Press release: October 16 2018
A Care Quality Commission (CQC) report published today, Wednesday, October 17, has confirmed that a raft of improvements at Wye Valley NHS Trust means better quality of care and improved experiences for patients.
A team of inspectors visited the Trust during the summer to observe procedures, interview patients and staff and check policies, processes and governance at the Trust.
"We thank the Care Quality Commission for its thorough and detailed report and believe this is an accurate reflection of where the Trust is on its improvement journey," said chief executive Glen Burley.
The report recommends that the Trust retains its current rating - "Requires Improvement" - while acknowledging the many areas that have seen improvements since the previous inspection in 2016.
"The inspectors' report demonstrates we've made good progress in many areas within our control and we're particularly pleased that they’ve highlighted the great work by our staff caring for children and young people which they have rated as 'outstanding'.
"Four of our eight core services at Hereford County Hospital are now rated as 'good' and throughout the report the inspectors acknowledge that the level of care our patients can expect from our amazing team of staff is also 'good'.”
Within the Trust’s community services, half of the core services were rated “good” with the others requiring improvement.
"We acknowledge there's still lots to do as we aspire to become a Trust rated delivering outstanding care,” added Glen.
"The CQC has rightly challenged our waiting times for elective care and we are tackling this while seeking the necessary funding from our commissioners.
"Some of these delays are due to the county's health and care system, but they are compounded by a limited number of beds which have to be used for those most in need when we experience the increased demand on our services every winter.
"To tackle these system-wide pressures we need a system-wide approach and we are already looking at new ways of working with local health and care service providers and commissioners to explore how we can better configure ourselves to provide care based on patients' needs rather than around our own structures."
The report rates the Trust’s use of resources as “inadequate”. This is based on an assessment by NHS Improvement and reflects the financial position of the Trust.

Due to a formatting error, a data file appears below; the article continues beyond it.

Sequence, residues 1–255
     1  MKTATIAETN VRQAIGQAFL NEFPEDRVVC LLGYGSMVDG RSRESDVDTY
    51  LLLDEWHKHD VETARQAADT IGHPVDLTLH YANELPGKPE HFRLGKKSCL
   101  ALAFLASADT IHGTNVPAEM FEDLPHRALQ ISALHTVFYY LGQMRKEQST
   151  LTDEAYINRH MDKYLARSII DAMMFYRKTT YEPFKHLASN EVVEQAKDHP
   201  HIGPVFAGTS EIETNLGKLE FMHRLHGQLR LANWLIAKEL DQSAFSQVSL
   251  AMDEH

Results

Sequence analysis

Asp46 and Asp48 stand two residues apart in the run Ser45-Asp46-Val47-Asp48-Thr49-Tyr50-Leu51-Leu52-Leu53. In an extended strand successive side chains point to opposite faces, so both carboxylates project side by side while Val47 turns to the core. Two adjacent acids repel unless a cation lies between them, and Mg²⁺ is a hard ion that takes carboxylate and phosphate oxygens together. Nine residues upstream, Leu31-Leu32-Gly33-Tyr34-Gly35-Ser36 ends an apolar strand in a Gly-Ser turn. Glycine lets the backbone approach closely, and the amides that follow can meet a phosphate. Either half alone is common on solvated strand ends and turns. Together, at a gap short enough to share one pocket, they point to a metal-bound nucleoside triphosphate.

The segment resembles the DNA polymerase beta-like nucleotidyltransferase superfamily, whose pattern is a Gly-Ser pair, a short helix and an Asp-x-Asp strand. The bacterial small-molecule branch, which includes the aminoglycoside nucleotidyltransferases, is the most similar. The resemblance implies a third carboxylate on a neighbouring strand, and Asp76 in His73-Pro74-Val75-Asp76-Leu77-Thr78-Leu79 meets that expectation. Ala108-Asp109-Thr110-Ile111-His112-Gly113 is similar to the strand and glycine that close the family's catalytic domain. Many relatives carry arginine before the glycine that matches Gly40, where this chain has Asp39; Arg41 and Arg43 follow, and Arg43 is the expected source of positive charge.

Despite making saving of £9 million last year, the Trust recorded a deficit of £26 million. It is currently making a case to NHSI and NHSE to be paid at a higher rate than the national standard tariff in recognition of the structural challenges that the local health care system faces. It is estimated that this “structural deficit” – which takes into account the fixed costs of delivering acute healthcare to a relatively small population in a large rural area – amounts to around £25 million a year.
The report also highlights urgent care as a particular challenge for the Trust.
"We've made improvements in this area and are currently planning for the arrival of a 24-bedded ward which will sit alongside our Emergency Department and be open by the end of the year.
"This medical assessment unit will help us assess patients who come in through ED to ensure they receive the right kind of care in the most appropriate way.
"We also have plans to replace our old hutted wards – the replacements should be open in 2020.
"This is an exciting time for the Trust with more beds, different ways of working and a new collaborative approach with our health and care colleagues across Herefordshire.
“Underpinning the many improvements is the evolution of the buddy arrangements with South Warwickshire NHS FT into a Foundation Group which now includes the George Eliot Hospital NHS Trust. This has brought the organisations together in a unique way allowing the sharing of best practice and giving a bigger resource to draw from to support our staff as we seek to improve services.
“This report acknowledges the many improvements we've made, but rightly points out there is still more to do."
For further information please contact:
John Burnett, Communication and Engagement Manager, Wye Valley NHS Trust: 01432 372928 or Amanda Millichip/Fiona Gurney, Communications officer 01432 355444 ext. 5105.